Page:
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Updated: December 11, 2013 14:30 IST

Passion is what set Sachin apart: Chandrakant Pandit

P. K. Ajith Kumar
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Chandrakant Pandit says it was a privilege to play along with Tendulkar for Mumbai and India.
The Hindu
Chandrakant Pandit says it was a privilege to play along with Tendulkar for Mumbai and India.

“When will you finish?!”

Chandrakant Pandit, all concentration at the nets, did not have to turn back to see who it was. It was that annoying little kid, again. And he knew what the boy really meant with that question was: ‘Why don’t you leave, so I can bat?’

This was almost three decades ago at Mumbai’s Shivaji Park, Mumbai. That boy’s name was Sachin Tendulkar.

“He had recently begun to train under Ramakant Achrekar, our coach at the Kamath Memorial Cricket Club who was mighty impressed with him,” Pandit, former India wicket-keeper who recently took over as Kerala’s director of cricket, told The Hindu.

“Sachin was 12 at the time.”

Pandit is not sure why Achrekar had so much confidence in the kid. “I wasn’t the only one in the club who was sceptical about him initially,” he recalls. “There were many others. When the coach told us that the boy would go on to be in the squad regardless of his scores, we were not exactly pleased.”

Pandit recalls an incident involving Tendulkar with a smile. “Once we wanted to run him out; the idea was the non-striker would call him for a non-existent run, and Sachin would be run out,” he says. “But Sachin was smart, and realised that there was no run and he stood his ground; it was the non-striker who got run out.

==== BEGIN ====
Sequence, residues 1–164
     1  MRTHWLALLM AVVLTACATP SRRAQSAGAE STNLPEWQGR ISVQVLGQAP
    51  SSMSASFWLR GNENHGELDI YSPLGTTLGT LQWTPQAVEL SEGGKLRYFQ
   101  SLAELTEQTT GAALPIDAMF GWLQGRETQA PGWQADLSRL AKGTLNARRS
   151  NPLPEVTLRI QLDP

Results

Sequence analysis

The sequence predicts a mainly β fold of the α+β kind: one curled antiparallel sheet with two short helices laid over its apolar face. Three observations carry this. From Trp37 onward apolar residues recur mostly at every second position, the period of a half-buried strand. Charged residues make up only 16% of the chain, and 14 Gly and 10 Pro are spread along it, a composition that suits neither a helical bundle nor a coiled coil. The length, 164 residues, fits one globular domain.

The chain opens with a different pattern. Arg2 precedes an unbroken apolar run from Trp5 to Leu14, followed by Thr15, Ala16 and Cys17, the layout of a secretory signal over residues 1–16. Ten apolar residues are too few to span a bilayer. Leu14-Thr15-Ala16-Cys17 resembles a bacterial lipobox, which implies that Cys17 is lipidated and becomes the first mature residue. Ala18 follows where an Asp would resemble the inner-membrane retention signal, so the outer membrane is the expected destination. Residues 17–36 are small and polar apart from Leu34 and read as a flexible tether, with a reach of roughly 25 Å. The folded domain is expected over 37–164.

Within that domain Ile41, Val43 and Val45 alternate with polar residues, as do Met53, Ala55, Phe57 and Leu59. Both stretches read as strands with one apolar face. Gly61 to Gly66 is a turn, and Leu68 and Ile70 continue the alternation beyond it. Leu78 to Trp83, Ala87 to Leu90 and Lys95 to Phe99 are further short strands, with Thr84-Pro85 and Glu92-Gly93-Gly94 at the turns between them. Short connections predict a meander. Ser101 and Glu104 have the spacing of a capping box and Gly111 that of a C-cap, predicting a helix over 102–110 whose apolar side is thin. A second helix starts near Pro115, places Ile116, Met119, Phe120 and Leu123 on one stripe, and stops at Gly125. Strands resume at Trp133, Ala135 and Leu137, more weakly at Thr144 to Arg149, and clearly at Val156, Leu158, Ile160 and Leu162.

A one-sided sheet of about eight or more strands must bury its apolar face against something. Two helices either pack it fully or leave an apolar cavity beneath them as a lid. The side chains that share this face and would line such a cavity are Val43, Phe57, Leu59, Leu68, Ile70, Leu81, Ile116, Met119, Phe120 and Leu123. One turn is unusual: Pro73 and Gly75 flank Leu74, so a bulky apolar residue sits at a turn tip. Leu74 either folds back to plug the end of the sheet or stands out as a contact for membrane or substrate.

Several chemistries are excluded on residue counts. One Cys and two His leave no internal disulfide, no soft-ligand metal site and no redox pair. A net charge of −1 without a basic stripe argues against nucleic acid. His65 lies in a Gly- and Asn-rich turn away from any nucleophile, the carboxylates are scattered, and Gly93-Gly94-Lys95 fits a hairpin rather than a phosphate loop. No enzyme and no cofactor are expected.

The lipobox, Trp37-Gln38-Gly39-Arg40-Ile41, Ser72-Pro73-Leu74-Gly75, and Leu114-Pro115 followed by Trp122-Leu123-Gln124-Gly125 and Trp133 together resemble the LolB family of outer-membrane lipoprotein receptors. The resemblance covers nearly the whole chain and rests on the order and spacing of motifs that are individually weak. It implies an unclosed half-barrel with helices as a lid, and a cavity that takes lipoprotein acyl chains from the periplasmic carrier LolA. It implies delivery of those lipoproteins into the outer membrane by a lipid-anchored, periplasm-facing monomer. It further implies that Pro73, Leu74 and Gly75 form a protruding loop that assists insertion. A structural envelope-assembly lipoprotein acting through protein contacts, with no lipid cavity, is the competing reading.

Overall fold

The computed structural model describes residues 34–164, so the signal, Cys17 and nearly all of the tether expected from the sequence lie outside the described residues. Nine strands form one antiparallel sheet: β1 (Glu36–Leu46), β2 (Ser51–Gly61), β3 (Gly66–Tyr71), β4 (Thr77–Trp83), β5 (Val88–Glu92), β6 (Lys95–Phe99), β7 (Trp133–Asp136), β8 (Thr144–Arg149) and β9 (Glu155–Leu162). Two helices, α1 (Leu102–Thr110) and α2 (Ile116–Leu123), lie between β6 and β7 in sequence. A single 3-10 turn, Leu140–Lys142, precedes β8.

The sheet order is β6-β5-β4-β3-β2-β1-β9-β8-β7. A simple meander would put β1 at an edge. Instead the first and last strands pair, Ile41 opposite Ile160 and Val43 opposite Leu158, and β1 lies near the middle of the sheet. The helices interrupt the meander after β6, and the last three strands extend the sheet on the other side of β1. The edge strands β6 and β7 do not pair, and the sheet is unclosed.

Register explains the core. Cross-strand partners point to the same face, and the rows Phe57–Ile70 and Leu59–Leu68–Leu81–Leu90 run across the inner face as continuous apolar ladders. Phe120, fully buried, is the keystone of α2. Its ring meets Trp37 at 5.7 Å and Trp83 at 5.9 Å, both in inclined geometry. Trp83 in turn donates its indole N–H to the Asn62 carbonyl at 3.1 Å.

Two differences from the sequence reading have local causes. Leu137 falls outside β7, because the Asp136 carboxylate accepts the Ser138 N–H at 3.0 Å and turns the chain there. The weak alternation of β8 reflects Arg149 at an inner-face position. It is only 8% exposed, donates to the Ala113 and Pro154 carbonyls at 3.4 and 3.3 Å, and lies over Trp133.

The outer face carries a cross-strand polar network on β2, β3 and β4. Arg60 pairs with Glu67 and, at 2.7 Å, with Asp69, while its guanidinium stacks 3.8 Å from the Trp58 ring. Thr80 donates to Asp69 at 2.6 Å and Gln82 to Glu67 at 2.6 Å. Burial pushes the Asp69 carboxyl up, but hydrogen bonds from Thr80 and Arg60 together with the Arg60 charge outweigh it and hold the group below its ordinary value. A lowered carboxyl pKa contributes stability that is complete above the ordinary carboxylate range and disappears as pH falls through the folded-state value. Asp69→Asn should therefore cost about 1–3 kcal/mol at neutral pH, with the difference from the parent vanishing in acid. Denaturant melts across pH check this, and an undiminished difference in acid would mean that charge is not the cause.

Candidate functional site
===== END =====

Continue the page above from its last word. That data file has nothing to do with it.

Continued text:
Pandit says it was a privilege to play along with Tendulkar for Mumbai and India.

“It feels great to think that I have captained him in the Ranji Trophy,” he says.

He has vivid memories about an 18-year-old Tendulkar’s astonishing hundred against Australia at Perth in 1992, which is rated by many as the Mumbai maestro’s best.

“I was the 12th man of that Test, and therefore had to be alert right through when India batted, as batsmen would need water or want their gloves replaced,” he says. “I watched every ball he played; it was an incredible innings on that bouncy track against a battery of ferocious fast bowlers.”

Earlier in that series, Pandit had kept wickets for India in the Adelaide Test, which would be his last.

Memorably, he had taken a catch off Tendulkar’s bowling. And it was the prized scalp of Aussie skipper Allan Border, for a duck.

Pandit says it is Tendulkar’s passion that set him apart from all other cricketers.

“Yes, he was gifted, but he nurtured his gift and was willing to sweat it out,” he says. “All he wanted to was to play cricket. Till his last day in cricket, he retained the passion, and the hunger of that little boy who was impatient for his turn at the nets.”

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